Meeting with SABC a 'normal commercial negotiation' – MultiChoice

Company says they had 'no secret clandestine meeting' and nothing untoward happened

Meeting with SABC was a 'normal commercial negotiation' - MultiChoice

30 November 2017

Johannesburg – Pay-TV company MultiChoice has denied being involved in any "untoward" dealings, including having secret meetings, or taking part in anything illegal, with the SABC.

The company released a statement on Thursday, saying it had had "no secret clandestine meeting, no kickbacks, nothing untoward, just [a] normal commercial negotiation".

"I attended that meeting – it was certainly not secret and there is nothing illegal or improper in those minutes," Nolo Letele, executive chairperson of MultiChoice South Africa Holdings, said in the statement.

On Wednesday, City Press reported that the pay-TV company, that owns DStv and M-Net, was accused of paying millions in kickbacks to the SABC in exchange for the public’s broadcaster "political influence over digital migration".

The deal is also being scrutinised by the Special Investigating Unit because of a R11.4m bonus that then SABC boss Hlaudi Motsoeneng paid himself for brokering it.

The City Press story detailed minutes of a meeting between MultiChoice and the SABC.

On November 24, News24 published an article about MultiChoice's questionable payment of R25m to the Guptas' controversial ANN7 channel, and the increase of its annual payment to the channel from R50m to R141m.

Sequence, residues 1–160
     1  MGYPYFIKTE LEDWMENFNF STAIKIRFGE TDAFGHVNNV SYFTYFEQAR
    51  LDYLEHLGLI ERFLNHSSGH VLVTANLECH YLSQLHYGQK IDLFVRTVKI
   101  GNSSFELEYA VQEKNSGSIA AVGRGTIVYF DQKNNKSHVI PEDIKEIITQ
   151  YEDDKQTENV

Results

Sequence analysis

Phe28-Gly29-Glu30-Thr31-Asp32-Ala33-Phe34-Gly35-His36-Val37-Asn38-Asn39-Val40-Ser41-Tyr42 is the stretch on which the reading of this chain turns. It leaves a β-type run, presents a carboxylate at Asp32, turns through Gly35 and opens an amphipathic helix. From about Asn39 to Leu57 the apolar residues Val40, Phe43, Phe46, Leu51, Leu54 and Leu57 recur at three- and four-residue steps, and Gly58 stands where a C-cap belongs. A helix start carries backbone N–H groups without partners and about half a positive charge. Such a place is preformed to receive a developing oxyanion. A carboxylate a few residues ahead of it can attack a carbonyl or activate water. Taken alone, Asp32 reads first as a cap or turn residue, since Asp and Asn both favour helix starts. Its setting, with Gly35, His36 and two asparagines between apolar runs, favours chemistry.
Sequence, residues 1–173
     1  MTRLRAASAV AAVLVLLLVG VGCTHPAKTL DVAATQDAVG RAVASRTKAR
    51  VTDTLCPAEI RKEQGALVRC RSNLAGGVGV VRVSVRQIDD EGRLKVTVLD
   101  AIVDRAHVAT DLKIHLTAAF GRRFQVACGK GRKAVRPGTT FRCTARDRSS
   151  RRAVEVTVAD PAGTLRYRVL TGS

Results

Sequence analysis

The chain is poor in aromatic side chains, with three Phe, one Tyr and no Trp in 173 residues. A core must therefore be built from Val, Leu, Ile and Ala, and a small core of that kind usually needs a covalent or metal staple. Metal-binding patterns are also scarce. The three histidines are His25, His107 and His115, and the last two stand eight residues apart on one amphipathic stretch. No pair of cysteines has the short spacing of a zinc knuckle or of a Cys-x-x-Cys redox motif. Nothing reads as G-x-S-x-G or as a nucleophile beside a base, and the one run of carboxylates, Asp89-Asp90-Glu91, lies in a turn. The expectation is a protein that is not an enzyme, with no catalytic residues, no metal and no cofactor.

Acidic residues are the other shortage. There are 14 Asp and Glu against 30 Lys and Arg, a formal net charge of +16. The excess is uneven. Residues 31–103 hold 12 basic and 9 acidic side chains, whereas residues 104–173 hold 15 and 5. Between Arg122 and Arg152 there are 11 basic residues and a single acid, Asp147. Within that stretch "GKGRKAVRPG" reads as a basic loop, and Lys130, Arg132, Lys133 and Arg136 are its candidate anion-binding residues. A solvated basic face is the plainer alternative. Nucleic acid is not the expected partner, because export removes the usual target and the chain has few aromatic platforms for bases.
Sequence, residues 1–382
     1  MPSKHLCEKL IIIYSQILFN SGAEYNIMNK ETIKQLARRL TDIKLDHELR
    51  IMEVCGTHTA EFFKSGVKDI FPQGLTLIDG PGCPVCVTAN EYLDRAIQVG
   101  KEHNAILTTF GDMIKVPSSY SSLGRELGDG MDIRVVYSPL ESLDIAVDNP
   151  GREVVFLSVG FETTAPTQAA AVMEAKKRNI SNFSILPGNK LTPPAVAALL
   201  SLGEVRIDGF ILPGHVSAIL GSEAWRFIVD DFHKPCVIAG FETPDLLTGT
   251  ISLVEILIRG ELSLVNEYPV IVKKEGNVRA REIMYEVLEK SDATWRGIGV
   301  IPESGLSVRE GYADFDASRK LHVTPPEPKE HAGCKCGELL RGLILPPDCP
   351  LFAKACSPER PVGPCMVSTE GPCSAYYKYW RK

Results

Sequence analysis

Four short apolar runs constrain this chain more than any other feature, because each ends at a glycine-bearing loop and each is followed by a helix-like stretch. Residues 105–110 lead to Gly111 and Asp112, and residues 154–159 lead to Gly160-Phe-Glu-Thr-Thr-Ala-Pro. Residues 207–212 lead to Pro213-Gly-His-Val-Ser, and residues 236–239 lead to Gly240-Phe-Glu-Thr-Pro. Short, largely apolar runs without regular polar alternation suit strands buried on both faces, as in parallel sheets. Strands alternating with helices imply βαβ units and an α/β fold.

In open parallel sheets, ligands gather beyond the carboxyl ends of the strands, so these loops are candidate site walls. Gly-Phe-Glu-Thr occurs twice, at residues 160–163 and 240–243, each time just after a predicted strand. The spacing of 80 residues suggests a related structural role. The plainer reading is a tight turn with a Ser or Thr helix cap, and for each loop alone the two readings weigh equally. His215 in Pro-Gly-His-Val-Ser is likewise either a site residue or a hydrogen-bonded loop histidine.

MultiChoice insisted previously that there was nothing untoward about its relationship with ANN7.

Normal meeting

MultiChoice said on Thursday that a meeting had been held at the request of the SABC on their premises.

It said the meeting was recorded, "like other SABC board meetings", with top management and board members of both parties represented.

MultiChoice denied having made corrupt payments to the SABC for their support on non-encryption of set top boxes.

"This, among other statements, is [a] commercial discussion, mere sales talk to manage financial expectations. It is well known that we pay for many news channels. SABC wanted MultiChoice to pay as much as possible and MultiChoice wanted to pay as little as possible."

The company also quoted from minutes of the meeting.

"From the minutes, it’s clear that the decision on encryption was not one the SABC could make. Ms LP Mokhobo, the chairperson of that meeting, makes this clear: '…. this decision is really a government decision. The SABC has no power over it'."


MultiChoice further stated that it had a clear standpoint on encryption.

"Our view was well known. The contestation was fierce and both sides lobbied hard for their respective positions. The decision on encryption was made by government in policy. The minister’s policy decision was that of no encryption and led to extensive litigation ultimately ending in the Constitutional Court."

MultiChoice went on to quote the Constitutional Court, which said that M-Net, unlike, did not depend or seek to rely on government resources.

MultiChoice said it had long-standing relationship with the SABC dating back to the early 1980s.

"The parties have bought and sold content from and to each other for many years, and will continue to do so."